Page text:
But when I think of the lives we have lost and all the lives altered because of this violence I wonder what accomplishments each of them may have achieved. I do know most of them had aspirations, dreams and abilities that were far beyond our imagination. We will never know what good they were going to bring to our world. What opportunities, what advancements may we now miss because these young lives were snuffed out with such cold-hearted horror? What kinds of miracles were in store for us because of them? Miracles we will never know now.

It’s not just the 17 dead in Florida that saddens me, but the myriad of lives each of those losses affect. There are parents, siblings, grandparents, friends, co-workers – hundreds, if not thousands, of lives have been permanently changed by the actions of a young man with way more weaponry than anyone outside of the military or law enforcement should ever have.

And there’s the rub. Guns are everywhere. They are way too easy to get, way too easy to carry, way too easy to use. Where else in the world are school shootings happening with the regularity and the impact in loss of life than they are here? The rate of people killed by guns in the United States is 19.5 times higher than economically similar countries in the rest of the world.  What sets us apart and makes this even a possibility? Well, the number of guns, for one thing. According to the Bureau of Alcohol, Tobacco, Firearms and Explosives, there are over 310 million guns in the United States. That means there is basically one firearm for every man, woman and child. And the really sick thing about this is that gun ownership increases after school shootings. Again, according to the ATF, gun manufacturers in the United States produced nearly 11 million guns in 2013, the year after the Sandy Hook massacre. That was twice the number they made in 2010.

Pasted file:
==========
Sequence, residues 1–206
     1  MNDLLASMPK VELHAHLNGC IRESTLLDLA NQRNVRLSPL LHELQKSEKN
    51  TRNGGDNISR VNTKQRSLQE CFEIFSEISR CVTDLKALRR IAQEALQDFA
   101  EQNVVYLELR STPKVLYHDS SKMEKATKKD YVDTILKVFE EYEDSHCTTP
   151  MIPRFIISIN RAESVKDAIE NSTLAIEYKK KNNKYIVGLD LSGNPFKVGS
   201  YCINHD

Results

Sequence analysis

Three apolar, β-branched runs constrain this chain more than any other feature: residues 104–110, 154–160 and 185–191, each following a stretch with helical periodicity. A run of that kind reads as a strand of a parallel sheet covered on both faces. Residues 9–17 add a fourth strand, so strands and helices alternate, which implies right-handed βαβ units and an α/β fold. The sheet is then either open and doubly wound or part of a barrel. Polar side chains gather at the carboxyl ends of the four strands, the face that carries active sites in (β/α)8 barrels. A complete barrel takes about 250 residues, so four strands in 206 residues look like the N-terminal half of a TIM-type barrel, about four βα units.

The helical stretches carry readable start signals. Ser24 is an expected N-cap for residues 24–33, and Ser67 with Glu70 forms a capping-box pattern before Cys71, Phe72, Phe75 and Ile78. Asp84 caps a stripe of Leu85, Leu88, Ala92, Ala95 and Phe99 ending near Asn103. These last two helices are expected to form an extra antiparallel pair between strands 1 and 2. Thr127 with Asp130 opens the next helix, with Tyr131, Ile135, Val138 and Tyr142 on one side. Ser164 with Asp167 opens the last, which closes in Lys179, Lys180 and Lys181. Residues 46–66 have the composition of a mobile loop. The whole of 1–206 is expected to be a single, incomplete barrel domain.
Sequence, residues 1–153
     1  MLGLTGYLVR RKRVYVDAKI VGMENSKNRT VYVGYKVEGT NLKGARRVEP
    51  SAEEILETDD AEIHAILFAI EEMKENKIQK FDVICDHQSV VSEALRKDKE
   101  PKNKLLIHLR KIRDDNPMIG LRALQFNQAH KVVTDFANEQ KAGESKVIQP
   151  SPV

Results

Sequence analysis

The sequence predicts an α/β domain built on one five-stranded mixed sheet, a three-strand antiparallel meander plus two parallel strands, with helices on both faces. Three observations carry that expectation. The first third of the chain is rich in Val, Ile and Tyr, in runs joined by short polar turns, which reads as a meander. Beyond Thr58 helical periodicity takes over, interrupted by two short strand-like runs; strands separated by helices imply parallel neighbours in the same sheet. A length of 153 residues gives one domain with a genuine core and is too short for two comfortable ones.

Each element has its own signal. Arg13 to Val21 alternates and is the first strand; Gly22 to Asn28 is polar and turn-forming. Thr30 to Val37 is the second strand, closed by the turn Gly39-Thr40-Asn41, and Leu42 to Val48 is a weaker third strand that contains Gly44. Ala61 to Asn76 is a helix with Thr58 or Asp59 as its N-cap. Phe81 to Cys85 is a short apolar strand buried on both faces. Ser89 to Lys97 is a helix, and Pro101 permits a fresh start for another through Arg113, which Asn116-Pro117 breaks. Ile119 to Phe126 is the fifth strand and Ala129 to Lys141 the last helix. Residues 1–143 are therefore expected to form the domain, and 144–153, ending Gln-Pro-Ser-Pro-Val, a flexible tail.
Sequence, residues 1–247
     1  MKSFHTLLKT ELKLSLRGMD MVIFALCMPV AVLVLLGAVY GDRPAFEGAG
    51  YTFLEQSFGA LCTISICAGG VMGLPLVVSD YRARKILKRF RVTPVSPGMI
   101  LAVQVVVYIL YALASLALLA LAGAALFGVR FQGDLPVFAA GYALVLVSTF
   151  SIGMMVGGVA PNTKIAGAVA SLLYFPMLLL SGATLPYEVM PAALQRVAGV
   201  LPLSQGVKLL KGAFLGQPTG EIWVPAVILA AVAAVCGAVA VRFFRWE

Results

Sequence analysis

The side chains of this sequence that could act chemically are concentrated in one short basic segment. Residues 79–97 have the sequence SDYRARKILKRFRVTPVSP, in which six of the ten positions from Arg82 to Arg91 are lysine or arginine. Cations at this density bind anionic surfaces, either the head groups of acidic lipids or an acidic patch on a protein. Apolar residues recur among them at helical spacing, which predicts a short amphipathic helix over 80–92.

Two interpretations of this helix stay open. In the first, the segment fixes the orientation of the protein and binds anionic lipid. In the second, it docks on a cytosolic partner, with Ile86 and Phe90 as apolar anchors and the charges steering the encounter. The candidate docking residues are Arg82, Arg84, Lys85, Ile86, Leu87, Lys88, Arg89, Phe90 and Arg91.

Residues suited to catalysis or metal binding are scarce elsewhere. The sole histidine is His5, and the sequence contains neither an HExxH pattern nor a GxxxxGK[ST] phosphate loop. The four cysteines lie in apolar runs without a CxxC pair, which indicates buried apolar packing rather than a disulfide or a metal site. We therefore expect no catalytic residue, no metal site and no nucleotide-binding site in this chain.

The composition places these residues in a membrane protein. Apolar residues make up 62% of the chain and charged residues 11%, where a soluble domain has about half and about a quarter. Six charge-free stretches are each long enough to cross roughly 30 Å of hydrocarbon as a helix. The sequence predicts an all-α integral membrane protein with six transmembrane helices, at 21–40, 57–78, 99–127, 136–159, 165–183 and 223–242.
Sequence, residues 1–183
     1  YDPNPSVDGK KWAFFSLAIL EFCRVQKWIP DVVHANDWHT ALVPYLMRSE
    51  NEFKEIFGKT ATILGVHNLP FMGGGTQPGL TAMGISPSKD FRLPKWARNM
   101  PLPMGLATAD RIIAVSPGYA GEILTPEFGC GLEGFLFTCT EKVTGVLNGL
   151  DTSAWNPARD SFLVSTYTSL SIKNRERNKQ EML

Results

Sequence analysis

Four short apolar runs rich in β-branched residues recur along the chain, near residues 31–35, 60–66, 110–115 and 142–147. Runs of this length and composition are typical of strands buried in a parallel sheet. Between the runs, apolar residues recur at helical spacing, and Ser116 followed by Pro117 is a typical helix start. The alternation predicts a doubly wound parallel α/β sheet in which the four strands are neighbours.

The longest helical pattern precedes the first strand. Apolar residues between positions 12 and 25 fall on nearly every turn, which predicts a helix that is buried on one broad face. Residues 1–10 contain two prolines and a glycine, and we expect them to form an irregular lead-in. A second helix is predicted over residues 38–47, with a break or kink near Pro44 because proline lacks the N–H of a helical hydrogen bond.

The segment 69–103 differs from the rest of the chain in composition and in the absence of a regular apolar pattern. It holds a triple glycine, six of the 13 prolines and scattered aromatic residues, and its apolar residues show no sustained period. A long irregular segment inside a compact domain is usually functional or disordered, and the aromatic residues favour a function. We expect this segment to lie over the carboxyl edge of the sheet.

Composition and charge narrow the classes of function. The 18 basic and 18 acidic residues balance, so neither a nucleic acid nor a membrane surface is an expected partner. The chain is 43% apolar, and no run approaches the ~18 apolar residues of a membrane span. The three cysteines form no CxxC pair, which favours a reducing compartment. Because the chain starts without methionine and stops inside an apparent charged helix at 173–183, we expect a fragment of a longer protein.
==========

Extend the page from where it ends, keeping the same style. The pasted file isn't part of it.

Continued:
Oh, I can hear the gun rights advocates screaming now about how dare I want to take their guns away or challenge their constitutional rights to buy, carry, use and, yes, even misuse, their weapons. The loudest voices always come from the National Rifle Association, which if you really look into their finances and efforts has little to nothing to do with individual gun ownership. The NRA is clearly a lobbying entity for gun manufacturers. With enough guns already in existence that we each can have one, if we choose, gun makers must keep creating a demand in order to stay in business. And they have identified one of the most powerful motivators of human behavior – fear. So they manufacture fear- fear of someone “taking away their guns”, fear of encroachment on their “rights”, fear of not being able to “shoot first”, fear of “rising crime rates”, fear and more fear. And that fear creates demand so they can manufacture more guns. More guns are good for business. However, more guns are not good for the rest of us.